Claressa Shields made history in Rio as the first U.S. boxer to win back-to-back gold medals. But while the major media outlets praised her historic win, they forgot about her most important personal win.
On Monday, the 21-year-old credited God for her success on Good Morning America after ABC anchor Amy Robach referenced her “difficult childhood.”
How Shields’ past was difficult, Robach didn’t say. But it’s a story well worth telling.
Shields grew up in Flint, Michigan with a father in jail and a mother with drug problems and male “acquaintances” who, Shields said, raped and sexually molested her. Her family relied on food stamps that, she believes, her mother sold for drugs – because food rarely appeared on the table. And when her cousin begged her for abortion money, Shields decided to adopt the baby as her own while a teenager.
Shields revealed to ESPN the story of how she adopted her cousin’s baby in 2014:
A lot of people don't know, but I adopted a little girl. She's about 6 months old now. Her name is Klaressa Shields like mine, just spelled with a K. My cousin had her. She already had two kids; she didn't want to have another. I told her I wanted to have a baby after the Olympics but with my career and everything, I can't afford to get pregnant right now. So she decided to keep the baby, and now the baby lives with me. I was there for her birth and got to cut her little cord. It was scary seeing her come out. I was like, "What is going on here?" We're still going through the adoption process, but I have her when I'm at home. When I leave, my best friend's mom and her birth mother have her.
A year later, at 19-years-old, she told Yahoo Sports even more about baby Klaressa. Her cousin had wanted to abort Klaressa, but didn’t have the $500 to pay for it.
When she asked for money, Shields refused, writer Kevin Iole reported.
"I told her I didn't believe in abortion and so I wasn't giving her any money to do that," Shields stressed.
When her cousin later raised $400, she again asked for Shields’ help – to pay for the last $100. That’s when Shields pointed to another option.
"I really wanted a baby myself and I wanted to have one when I turned 18 right after I won the  Olympics," she told Iole. Because she couldn’t get pregnant while training for the 2016 Olympics, she told her cousin, “You have the baby, and I'll adopt her.”
And that she did. Shields took Klaressa home and readjusted her schedule to care for her. On the days she couldn’t find a sitter, she opted for training at home instead of going to the gym.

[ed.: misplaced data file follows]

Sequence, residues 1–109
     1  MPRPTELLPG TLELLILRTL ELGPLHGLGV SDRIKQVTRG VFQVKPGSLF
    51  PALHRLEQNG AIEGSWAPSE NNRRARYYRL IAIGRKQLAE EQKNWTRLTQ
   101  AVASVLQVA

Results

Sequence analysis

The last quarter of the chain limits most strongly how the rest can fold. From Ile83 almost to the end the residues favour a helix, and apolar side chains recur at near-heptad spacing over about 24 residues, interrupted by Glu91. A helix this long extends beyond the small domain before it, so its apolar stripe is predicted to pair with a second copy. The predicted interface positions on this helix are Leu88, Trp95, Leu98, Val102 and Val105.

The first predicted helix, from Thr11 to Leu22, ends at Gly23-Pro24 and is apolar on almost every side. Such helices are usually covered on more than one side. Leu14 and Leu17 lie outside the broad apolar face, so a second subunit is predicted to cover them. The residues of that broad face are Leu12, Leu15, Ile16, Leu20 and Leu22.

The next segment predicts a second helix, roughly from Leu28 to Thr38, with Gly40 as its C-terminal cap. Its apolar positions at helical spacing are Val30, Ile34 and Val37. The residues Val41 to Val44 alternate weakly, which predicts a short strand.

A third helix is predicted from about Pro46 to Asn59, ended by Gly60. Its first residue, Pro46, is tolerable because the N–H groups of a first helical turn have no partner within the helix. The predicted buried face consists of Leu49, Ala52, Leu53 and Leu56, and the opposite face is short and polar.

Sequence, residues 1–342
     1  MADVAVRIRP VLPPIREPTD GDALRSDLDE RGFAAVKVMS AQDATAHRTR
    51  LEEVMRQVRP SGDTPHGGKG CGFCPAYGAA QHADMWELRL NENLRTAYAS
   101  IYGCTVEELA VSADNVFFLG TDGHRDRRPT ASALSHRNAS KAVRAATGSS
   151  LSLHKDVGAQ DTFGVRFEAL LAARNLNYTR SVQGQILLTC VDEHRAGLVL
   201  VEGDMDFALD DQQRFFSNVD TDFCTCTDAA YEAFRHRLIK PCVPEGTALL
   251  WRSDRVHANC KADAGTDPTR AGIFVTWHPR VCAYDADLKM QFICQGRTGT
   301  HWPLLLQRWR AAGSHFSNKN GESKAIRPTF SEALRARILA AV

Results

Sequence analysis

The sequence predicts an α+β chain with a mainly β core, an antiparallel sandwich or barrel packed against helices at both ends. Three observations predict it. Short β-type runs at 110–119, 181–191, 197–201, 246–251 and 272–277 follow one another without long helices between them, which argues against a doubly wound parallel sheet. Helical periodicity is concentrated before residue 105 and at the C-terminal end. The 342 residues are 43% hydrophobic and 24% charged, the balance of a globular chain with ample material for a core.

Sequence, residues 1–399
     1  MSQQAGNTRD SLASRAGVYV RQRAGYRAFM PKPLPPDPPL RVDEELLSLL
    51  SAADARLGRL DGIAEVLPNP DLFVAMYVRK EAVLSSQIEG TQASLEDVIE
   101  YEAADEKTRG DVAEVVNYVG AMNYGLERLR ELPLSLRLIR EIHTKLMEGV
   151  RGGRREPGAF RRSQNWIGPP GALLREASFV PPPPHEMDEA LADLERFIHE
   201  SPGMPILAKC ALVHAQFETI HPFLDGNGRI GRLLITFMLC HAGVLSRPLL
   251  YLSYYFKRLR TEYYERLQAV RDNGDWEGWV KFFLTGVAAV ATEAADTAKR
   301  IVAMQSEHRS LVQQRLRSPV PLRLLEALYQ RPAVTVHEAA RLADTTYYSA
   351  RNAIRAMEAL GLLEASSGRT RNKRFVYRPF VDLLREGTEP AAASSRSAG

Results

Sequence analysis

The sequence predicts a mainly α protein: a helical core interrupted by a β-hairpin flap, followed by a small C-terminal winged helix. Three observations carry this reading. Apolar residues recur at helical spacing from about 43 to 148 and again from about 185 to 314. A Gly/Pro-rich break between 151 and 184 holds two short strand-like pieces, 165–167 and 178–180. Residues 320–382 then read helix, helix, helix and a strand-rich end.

"I'd shadow box for an hour-and-a-half with the baby right there," she said.
And it’s obvious little Klaressa stole her heart.
"I'm going to give her the best of everything, and I'm going to protect her like no mother ever protected her baby," Shields stressed to Iole at the time. "I just love having her, even though it's a huge responsibility. It makes me slow down and think, and that's a good thing."
But she (and longtime boyfriend Ardreal Holmes) only lived with Klaressa for about eight months, according to USA Today editor Bob Velin in 2015.
“It didn’t go through like it was supposed to,” Shields admitted to Velin. While her cousin “didn’t want anything to do” with Klaressa at first, she later changed her mind and demanded visitation rights as well as “a lot of other things.”
The situation climaxed when Shields confronted her cousin about stealing something from her. “[T]next day she showed up with the cops at my house and said that I had kidnapped the child,” Shields told Velin.
“I could’ve went to jail when she called the cops on me. I had to explain to the cops that this child has been staying with me the last eight months,” Shields said. “Everything she has is here. Her milk, her car seat, all her clothes, everything is here.”
In the end, Shields forgave her cousin and gave Klaressa back to her.
“It was very hurtful, but after all that I still forgave her and wanted to talk about the baby,” she said. “But she wanted all these exceptions put in the adoption contract. It was too much for me. I said, ‘I’m not going to let you control my life.’”
Afterward letting Klaressa go, Shields became sick for weeks and lost a significant amount of weight. But for Shields, setbacks translate into a challenge to move forward.
“[N]ow I’m able to focus more on training,” she said, looking at the silver lining. “I still think about the baby all the time but it was like, maybe it wasn’t time for me to have a child.”
But it was time for her to save a child – a child that likely wouldn’t be alive today if not for her.
And, as she told Iole, she has an important message for other girls struggling to survive life’s challenges.
"If you're a girl and you're having a bad day and it seems like it's never going to get better, think of me,” Shields said. “Look what I've done. Look what I overcame. I did it. I dreamed about reaching a goal and I made it happen. You can, too. I'm living proof of that."